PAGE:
“I go to the eucharist as often as I can find one that isn't just a lot of noise. This is extremely difficult to find; so often I have to settle for the least worst of the options.”

And she goes on:

“There are a lot of hungry people out there. The churches are full of noise. There is an idolatry of spiritual experience. The situation is dire.”

I think hers is a pretty extreme position. Hermits themselves are probably not the easiest people to live with - and that’s a good reason for them to be hermits. But there’s a valid point in what she says. Do we just go out looking for what is superficially attractive? Do we stop to ask ourselves what we are truly looking for? Have we already made up our minds - like Nathanael - as to what we want to find? Are we taken in by the words, the music, the warm feelings… what she calls “the noise”?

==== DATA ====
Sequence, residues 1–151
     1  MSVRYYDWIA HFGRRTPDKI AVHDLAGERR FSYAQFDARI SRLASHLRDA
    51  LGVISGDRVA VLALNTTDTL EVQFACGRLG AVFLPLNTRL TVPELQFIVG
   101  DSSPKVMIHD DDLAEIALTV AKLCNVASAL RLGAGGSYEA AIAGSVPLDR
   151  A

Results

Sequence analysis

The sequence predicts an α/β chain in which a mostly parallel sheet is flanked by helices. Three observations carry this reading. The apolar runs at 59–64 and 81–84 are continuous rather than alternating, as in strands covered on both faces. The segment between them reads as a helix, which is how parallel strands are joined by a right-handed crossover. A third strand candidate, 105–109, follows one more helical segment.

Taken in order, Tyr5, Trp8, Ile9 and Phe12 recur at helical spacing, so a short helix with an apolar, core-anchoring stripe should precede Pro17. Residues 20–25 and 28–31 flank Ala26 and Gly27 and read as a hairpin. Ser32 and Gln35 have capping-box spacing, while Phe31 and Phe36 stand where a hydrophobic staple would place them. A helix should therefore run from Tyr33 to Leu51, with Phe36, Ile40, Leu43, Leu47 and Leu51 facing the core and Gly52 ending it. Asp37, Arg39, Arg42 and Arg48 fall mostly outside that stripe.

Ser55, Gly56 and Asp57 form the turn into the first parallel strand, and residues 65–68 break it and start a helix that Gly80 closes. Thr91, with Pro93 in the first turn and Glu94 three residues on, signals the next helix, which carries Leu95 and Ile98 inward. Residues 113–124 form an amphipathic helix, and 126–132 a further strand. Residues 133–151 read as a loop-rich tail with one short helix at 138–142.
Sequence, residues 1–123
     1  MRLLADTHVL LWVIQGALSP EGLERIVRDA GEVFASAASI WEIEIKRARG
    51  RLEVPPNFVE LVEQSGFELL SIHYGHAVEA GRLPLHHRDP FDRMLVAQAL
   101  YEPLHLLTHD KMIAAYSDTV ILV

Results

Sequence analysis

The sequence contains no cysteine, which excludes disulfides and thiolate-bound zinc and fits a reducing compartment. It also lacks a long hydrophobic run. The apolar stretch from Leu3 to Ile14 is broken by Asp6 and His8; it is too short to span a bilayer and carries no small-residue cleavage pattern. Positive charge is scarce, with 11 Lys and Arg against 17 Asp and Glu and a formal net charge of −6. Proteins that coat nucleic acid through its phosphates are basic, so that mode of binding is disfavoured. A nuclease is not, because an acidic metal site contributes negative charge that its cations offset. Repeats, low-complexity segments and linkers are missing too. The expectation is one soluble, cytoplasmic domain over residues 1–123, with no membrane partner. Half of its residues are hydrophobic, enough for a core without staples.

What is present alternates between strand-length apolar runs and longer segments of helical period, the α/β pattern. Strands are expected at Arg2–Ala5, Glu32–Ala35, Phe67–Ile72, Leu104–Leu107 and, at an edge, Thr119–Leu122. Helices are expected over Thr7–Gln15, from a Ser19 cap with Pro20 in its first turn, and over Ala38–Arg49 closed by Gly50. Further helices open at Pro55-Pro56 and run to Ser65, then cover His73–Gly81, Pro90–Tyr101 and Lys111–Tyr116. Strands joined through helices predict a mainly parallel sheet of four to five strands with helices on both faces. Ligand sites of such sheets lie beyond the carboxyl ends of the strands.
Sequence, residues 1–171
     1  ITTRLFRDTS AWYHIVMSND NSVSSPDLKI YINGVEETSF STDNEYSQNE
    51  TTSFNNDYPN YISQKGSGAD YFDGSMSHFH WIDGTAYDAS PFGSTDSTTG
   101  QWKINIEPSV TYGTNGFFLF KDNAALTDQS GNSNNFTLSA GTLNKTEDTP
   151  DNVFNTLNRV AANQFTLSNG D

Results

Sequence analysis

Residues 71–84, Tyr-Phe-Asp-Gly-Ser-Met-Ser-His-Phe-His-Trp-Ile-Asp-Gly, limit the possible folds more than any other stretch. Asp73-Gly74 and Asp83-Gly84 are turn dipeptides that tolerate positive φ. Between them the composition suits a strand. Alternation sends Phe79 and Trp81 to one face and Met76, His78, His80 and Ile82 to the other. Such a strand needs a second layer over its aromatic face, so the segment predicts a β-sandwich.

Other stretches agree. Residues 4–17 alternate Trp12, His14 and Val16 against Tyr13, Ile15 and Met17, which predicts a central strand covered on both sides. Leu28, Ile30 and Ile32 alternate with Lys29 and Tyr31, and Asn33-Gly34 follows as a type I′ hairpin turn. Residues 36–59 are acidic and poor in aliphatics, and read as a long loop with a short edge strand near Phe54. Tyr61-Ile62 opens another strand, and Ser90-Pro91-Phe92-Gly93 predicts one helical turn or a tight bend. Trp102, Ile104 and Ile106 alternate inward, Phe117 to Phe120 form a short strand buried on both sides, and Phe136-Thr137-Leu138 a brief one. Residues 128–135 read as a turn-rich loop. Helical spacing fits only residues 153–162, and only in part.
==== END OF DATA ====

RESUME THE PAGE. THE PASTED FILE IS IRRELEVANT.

I hope people come here to St. Cuthbert’s / St. John’s and find warmth, music which they like and words which speak to them. But there’s that other element also which is so important - that I bring myself here to meet God.

What am I looking for? Who am I looking for? Am I ready to listen?
 (1 Samuel 3.1-10; John 1.43-51)

Sunday, 11 January 2015

Paris marches: Feast of the Baptism of Christ

This is the season of Epiphany. An “epiphany” is literally a “setting-forth”, something that reveals a truth.

So the Feast of the Epiphany shows Christ’s divinity recognised by the wise and powerful who come upon a vulnerable human child in Bethlehem.